What the publisher says: “A disquieting vision of ecological dystopia in a collection by a major Korean writer. [. . .] Beneath the calm surface of the stories collected here, Kang Young-sook offers a disquieting vision of a society grappling with ecological catastrophe and unplaceable forms of loss.”
What translator Janet Hong says in the Chicago Review of Books: “In At Night He Lifts Weights, Kang Young-sook has captured a sense of social and individual unease, touching on a wide range of topics from labor unrest and government corruption to protests and demonstrations. These issues form the backdrop of the collection and reflect the lived experiences of Koreans, especially those navigating the complexities of the 2000s and 2010s.”
What I say: Much as the title of this collection evokes a kind of physical exertion, so too do the stories within hum with a visceral quality. Sometimes, that quality works to turn the bizarre into something familiar; at others, it magnifies the extraordinary and often disconcerting experiences of these stories’ protagonists. The opener, “From Mullae,” blends the narrator’s nightmares with an equally uncanny and hostile reality—think mass bird deaths, for one thing—which establishes a sense that anything could happen in these tales. Spoiler: it usually does.
What the publisher says: “Written in the aftermath of Pasolini’s move from the provinces to Rome, the novel captures the hunger and anger, waywardness and squalor of the big city. The life of the novel is the life of the city streets; from the streets, too, come its raw, mongrel, assaultive language.”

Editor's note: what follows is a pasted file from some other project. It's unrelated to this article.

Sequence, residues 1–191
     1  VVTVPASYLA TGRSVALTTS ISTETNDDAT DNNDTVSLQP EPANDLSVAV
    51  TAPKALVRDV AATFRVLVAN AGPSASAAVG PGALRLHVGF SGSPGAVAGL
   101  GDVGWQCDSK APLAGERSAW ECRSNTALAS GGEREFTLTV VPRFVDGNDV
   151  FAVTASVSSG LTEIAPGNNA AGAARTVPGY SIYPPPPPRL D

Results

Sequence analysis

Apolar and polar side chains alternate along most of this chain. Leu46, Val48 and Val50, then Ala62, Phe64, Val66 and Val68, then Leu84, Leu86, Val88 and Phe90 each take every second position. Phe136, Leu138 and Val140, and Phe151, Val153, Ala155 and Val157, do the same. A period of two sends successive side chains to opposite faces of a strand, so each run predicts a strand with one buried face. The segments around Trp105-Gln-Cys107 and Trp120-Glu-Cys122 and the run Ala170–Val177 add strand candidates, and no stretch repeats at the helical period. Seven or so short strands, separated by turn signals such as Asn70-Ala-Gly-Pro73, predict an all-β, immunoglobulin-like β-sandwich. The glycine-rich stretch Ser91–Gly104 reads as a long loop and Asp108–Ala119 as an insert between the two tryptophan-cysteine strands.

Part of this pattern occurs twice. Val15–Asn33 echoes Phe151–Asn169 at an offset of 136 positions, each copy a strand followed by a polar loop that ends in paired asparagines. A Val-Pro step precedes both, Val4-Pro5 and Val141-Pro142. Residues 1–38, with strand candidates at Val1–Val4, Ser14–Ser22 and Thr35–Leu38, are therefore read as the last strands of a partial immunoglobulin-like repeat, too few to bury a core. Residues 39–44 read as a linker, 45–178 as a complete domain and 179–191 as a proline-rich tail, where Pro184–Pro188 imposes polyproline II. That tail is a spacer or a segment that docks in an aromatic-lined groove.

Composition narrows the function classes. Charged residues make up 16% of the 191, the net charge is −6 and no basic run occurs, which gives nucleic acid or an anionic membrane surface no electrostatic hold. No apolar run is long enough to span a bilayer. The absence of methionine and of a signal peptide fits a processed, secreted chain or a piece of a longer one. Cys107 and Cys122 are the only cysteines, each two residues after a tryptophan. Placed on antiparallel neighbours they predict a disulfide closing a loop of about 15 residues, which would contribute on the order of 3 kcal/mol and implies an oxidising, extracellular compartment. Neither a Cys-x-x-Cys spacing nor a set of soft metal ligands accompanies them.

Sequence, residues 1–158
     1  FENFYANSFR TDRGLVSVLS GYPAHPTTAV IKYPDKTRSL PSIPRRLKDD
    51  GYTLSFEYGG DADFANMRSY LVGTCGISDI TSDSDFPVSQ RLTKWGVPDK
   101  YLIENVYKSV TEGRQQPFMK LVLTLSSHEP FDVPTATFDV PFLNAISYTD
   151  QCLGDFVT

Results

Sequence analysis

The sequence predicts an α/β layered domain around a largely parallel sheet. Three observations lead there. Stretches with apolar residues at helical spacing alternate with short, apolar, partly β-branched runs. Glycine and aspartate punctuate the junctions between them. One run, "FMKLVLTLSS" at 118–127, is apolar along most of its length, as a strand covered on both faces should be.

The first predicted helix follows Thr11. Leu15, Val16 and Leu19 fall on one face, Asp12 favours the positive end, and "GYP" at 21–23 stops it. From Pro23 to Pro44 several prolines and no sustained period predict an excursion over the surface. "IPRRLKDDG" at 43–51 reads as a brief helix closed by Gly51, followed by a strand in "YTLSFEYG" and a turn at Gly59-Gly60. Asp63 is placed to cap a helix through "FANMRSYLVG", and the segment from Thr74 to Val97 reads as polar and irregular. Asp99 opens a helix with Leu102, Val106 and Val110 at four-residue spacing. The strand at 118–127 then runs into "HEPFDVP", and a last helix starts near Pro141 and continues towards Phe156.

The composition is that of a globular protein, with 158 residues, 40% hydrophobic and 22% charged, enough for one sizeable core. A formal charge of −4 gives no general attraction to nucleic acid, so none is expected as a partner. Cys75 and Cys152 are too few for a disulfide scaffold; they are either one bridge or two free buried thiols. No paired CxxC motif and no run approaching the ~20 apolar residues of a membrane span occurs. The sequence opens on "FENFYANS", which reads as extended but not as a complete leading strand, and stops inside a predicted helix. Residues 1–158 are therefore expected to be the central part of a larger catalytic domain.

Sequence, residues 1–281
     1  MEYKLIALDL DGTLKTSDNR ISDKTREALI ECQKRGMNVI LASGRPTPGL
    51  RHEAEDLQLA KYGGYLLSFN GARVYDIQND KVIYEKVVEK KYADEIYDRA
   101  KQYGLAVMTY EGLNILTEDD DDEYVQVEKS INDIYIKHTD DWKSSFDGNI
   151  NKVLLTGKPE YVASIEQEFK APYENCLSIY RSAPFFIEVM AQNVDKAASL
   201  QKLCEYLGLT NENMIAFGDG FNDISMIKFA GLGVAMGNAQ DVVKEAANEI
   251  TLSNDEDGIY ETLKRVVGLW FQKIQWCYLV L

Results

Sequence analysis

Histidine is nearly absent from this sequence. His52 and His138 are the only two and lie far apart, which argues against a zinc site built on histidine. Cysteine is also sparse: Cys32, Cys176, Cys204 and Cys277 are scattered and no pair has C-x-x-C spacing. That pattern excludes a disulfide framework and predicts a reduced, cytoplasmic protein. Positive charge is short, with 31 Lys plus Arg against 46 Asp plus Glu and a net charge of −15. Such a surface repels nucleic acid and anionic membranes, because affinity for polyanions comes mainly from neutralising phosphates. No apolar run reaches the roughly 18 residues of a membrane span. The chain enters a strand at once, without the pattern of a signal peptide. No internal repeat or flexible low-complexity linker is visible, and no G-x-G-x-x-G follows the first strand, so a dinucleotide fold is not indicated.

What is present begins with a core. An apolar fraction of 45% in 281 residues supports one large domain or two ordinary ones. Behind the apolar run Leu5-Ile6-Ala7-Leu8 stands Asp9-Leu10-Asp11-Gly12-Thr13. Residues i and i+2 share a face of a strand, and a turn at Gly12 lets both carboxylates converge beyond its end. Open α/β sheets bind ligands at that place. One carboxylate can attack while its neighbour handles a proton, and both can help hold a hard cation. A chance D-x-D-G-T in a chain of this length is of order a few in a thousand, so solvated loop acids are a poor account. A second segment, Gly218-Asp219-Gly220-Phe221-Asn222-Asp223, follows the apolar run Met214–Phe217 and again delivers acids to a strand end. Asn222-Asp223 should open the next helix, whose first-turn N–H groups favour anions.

What Souli Bouthis at The Rumpus says: “Both nuance of tone and specificity of reference make Boys Alive, on occasion, a challenge to read (but no more than, say, Elena Ferrante’s Neapolitan novels). Translator Tim Parks does commendable work in the service of this great but necessarily untranslatable tale.”
What I say: Episodic and unpredictable, this novel is one of two works in this month’s column to move effortlessly between scenes of everyday life and moments when characters find their lives in extraordinary danger. (Pedro and Marques Take Stock is the other.) It’s no easy feat to evoke both the exuberance of young men coming of age and the stark state of post-World War II Italy; Pasolini, in Parks’s translation, does a striking job of it.
Copyright © 2023 by Tobias Carroll. All rights reserved.